"I have gone to the post (post office) to send it to the minister of foreign affairs; they told me the same thing they said about that of the president. The said if I do not go through the right channel that it will not get to their office and I do not have the right people to go through."
Speaking on life outside prison and hopes in the nearest future for him and his former inmates, he said: "Their future is bright. A lot of them have decided to read and acquire knowledge. So that when we come out we can contribute to our country Nigeria. Most of us have a lot to offer and have something upstairs. However, because of ignorance and the situation we face in Nigeria it is why a lot went overseas and put themselves in the prison situation. They have realised that it is not the best option for them. They have started reading by themselves, trying to improve themselves."
"Like myself, I read a lot but when I got released and was coming back to Nigeria, I wasn’t given most of my intellectual property. The Chinese government didn’t allow me bring back the books which I planned in using to impact knowledge in Nigerian society. They have a lot of translators who could have gone through what I had written down so they can recognize its value but they said as long as it was written in prison, they won’t let us take it to our country."
"The prison they said was a reforming centre and the knowledge gotten was put down on paper. So that once you get out, you can reread and apply the knowledge. Why then are the Chinese government holding our intellectual property? This is a very big problem for me and my former cell mates who remain in prison till this day."
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"Chukwudi Brown Atichukwu was arrested since 2003 and they found no evidence against him for his accused crime. Initially he was sentenced to death imprisonment but because of how he fought for his case, it was change to life imprisonment. In such case, there is no evidence against him and yet he was sentenced unfairly because he had no strong backup. Chukwudi’s mother is an 80-year-old woman residing in the village. There is no one taking care of the woman, she is crying day and night over her son. Chukwudi is also fighting tooth and nail to get proper justice. He’s trying to reach out the to the Nigerian government to intervene in his case. He is between 50-53 years old now and has been in prison for 12 years for a crime he didn’t commit. He was accused of smuggling drugss into China."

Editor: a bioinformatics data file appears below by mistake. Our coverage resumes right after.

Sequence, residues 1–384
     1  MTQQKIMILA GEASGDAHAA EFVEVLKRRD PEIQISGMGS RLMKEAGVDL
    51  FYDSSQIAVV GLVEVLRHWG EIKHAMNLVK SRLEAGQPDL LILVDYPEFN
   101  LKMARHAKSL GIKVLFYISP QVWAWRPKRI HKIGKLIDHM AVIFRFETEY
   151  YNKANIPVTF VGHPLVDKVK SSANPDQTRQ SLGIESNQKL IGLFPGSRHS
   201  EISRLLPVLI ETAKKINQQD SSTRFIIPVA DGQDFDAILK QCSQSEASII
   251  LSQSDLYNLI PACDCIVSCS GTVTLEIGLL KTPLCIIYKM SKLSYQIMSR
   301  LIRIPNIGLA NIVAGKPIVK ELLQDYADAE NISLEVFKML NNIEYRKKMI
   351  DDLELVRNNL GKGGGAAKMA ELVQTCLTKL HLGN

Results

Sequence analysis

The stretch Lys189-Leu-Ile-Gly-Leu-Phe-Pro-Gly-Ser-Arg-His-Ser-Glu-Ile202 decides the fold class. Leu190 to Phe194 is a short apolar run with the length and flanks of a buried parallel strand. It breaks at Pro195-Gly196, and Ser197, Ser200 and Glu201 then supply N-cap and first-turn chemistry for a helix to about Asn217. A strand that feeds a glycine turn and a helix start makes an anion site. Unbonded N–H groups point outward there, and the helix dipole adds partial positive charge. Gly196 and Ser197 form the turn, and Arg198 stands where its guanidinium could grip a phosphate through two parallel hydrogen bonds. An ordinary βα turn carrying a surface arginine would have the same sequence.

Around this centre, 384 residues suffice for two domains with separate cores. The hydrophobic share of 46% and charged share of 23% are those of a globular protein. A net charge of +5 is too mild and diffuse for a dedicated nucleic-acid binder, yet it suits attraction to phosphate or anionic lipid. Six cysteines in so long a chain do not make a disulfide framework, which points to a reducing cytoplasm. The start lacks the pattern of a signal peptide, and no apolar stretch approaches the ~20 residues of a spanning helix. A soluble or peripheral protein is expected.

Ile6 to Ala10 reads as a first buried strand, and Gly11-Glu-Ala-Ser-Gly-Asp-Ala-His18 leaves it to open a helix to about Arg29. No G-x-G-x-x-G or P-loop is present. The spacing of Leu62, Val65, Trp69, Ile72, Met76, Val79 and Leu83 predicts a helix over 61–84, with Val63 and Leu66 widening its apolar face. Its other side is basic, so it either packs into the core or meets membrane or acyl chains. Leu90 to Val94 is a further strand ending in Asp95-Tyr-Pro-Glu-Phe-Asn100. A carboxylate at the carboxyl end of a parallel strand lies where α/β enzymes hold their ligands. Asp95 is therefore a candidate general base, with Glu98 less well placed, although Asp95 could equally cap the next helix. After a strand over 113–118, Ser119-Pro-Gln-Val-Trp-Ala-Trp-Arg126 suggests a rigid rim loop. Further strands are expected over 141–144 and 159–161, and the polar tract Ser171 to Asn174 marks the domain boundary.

On what he is doing now that he is back in Nigeria after serving his prison sentence, he said:
"Right now, I’m not doing anything mostly because, back in prison I tried as much as possible to reform myself and put down gained knowledge but the Chinese government frustrated my efforts by not giving my write up. It is not a problem because now I’m back and I believe I will fix myself up. I have an uncle I’m staying with who is into trading in Lagos. An idle man is a devil’s workshop and I don’t want to be an idle man. My uncle is a trader who is into trading baby products, I hope to learn from him and start mine."
"We need the President and ministry of justice to help us. The maltreatment treatment we got from the Chinese is unfair. The situation is getting worse and people have been there for over 15 years. All we ask for is repatriation. The situation in the prison is getting worse every day."
"Many of my former prison mates are the bread winners of their family. Some of them have been abandoned by their family and Chinese have benefit of parole and people come to prison to visit them but only a number of us had that opportunity. It is a painful situation and some are suffering from high blood pressure and mentally affected. Their lives are depreciating every day. At least if they serve their sentence in Nigeria, their loved ones can visit them and give them words of encouragement."
"They have seen what they did is unfair to society and so they are pleading that the government should come to their rescue. They believe so much in Nigeria and ask that the Nigerian government come to help their people."
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Watch Offor tell his story below. Brought to you by Legit.ng TV: